THE HOLY SPIRIT WILL COME UPON YOU AND THE POWER OF THE MOST HIGH WILL OVERSHADOW YOU, AND SOTHE HOLY ONE BORN OF YOU WILL BE CALLED SON OF GOD. These words are the heart of the message of the Angel Gabriel to Mary. They are among the most familiar in the Gospels, and among the most important. Their true meaning, however, has been disputed from the time they were written and published. Their significance also is the subject of marked disagreement, even by those who agree on the literal meaning. These differences continue to the present. There is no sign they will cease in the foreseeable future.
I distinguished between their meaning and their significance. One can disagree as to whether the words mean that the Son of Mary is truly the Son of God according to nature, or intends merely to affirm that God views him with special favor as an adopted Son with special privi leges. Even when there is agreement that the text intends to convey true sonship with God for the child, it can be disputed whether this is meant to be understood as a historical fact or is it being presented as a myth that is meant to portray Jesus as a specially favored representative of God. All of these possible causes for disagreement were in fact realized very early in the Church's history. All of these differences continue to divide people today.
However, the position of the early Church in her understanding of this text has been firm and consistent. Shortly after the year 100 A.D., when portions of the New Testament were still to be written, St. Ignatius of Antioch already witnessed to this doctrine as a as a belief already well established by his time. Moreover, the Roman Creed, recited at baptism, has always included the article born of the Virgin Mary. In addition, there are many witnesses to this belief already in the second century. One of the interesting indications of this early widespread conviction is the way a number of theologians, St. Justin and Irenaeus among them, read John 1: 13 as a proof of the Virginal Conception. They read the text to say "he (the Word) was born not of the will of flesh, nor of the will of man but of God." There is general agreement, though that the original subject of this phrase is those who believe in him. Although their reading is not the original yet it is evidence of widespread belief in Jesus' Virginal Conception.
Through succeeding generations this belief was affirmed to be an article of faith, even though to cease to preach it as a doctrine would have been quite convenient. For non-believers shed con siderable ridicule and contempt on the faithful who put their faith in what they considered to be a fable, and which they assimilated to outdated pagan myths. The only reason that adequately accounts for the Church's insisting on a belief that posed such great challenge to faith and caus ed such embarrassment to the faithful is that it is simply a historical fact. Like the Jesus' death on the cross, the virginal conception is a difficult historical truth that was revealed to the Church as God's plan for our salvation. (cf. Christoph Schönborn, The Mystery of the Incarnation, 33- 36)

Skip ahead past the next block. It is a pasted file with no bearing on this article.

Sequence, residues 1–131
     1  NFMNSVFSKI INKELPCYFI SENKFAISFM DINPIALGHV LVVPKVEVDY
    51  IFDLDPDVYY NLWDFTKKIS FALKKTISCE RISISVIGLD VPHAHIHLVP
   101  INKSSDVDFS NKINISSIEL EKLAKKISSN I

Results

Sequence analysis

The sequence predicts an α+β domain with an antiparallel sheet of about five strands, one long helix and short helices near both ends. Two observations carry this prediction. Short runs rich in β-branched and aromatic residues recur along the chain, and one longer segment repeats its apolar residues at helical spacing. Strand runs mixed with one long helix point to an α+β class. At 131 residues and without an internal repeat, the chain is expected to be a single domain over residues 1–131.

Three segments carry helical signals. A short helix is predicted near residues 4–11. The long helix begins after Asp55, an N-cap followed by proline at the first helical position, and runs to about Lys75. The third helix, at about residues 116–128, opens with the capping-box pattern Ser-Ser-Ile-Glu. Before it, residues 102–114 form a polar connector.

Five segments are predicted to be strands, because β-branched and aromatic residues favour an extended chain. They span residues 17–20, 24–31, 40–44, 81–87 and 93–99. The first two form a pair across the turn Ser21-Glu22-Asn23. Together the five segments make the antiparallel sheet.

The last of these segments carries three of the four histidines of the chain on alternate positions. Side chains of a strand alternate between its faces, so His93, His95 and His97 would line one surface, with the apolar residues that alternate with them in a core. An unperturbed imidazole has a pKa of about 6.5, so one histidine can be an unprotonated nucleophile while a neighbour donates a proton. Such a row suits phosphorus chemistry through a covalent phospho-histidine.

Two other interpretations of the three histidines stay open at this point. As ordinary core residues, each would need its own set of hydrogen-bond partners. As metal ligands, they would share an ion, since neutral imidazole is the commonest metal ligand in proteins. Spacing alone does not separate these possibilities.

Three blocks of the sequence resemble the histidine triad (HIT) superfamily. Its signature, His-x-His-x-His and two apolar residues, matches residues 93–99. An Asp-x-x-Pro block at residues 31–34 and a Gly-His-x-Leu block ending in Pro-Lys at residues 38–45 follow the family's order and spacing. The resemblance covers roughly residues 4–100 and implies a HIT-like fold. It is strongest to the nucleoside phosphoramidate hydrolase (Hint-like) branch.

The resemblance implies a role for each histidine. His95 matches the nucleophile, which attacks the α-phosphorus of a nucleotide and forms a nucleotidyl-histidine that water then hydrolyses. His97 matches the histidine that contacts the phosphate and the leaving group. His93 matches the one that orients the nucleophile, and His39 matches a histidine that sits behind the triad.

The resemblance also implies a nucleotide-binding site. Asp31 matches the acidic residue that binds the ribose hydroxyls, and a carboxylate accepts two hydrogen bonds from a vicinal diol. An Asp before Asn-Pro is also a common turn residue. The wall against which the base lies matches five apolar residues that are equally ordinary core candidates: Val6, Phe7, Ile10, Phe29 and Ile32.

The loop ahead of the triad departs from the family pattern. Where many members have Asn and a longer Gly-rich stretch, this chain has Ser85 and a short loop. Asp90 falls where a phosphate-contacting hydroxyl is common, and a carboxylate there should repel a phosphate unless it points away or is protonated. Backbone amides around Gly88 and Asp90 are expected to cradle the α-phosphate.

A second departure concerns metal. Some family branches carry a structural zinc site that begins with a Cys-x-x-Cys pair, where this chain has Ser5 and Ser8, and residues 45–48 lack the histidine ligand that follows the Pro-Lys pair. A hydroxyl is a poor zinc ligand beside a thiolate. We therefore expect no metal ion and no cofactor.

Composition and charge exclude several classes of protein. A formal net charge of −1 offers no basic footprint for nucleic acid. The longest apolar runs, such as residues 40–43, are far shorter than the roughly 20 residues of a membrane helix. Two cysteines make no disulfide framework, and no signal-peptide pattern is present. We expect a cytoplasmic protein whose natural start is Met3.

Why did God choose this particular, unique fashion for his Son to come into this world as man? This question has been asked by the most enlightened and holy theologians through the centu ries. They were convinced that the virginal conception contains important lessons for us and so sought to sound out its significance. One conclusion they arrived at was that it makes clear perspicuously is that the Incarnation of the Son of God is totally God's initiative. Indeed, the whole work of our redemption, which depends on the Incarnation, is the working of divine grace in the first instance. Just as Jesus' birth is the result of the overshadowing of Mary by the Spirit, so also our rebirth cannot be effected except by that same Spirit. After all, it is for our rebirth in the Spirit that the Word became flesh. To be redeemed means to receive not only forgiveness of sins but the new life given by the spirit of God.
These are the mysteries we commemorate today at this Eucharist. Here we not only honor our Lord in his Incarnation, but actually receive in communion the new life that he won for us through his great acts of self offering on the cross. May we prove worthy of the love he shows us in thus coming to us in a communion with the body, now glorified, that was born of the ever-Virgin Mary, suffered, died and rose from the dead to live forever in the glory of God the Father.
Abbot John Eudes Bamberger
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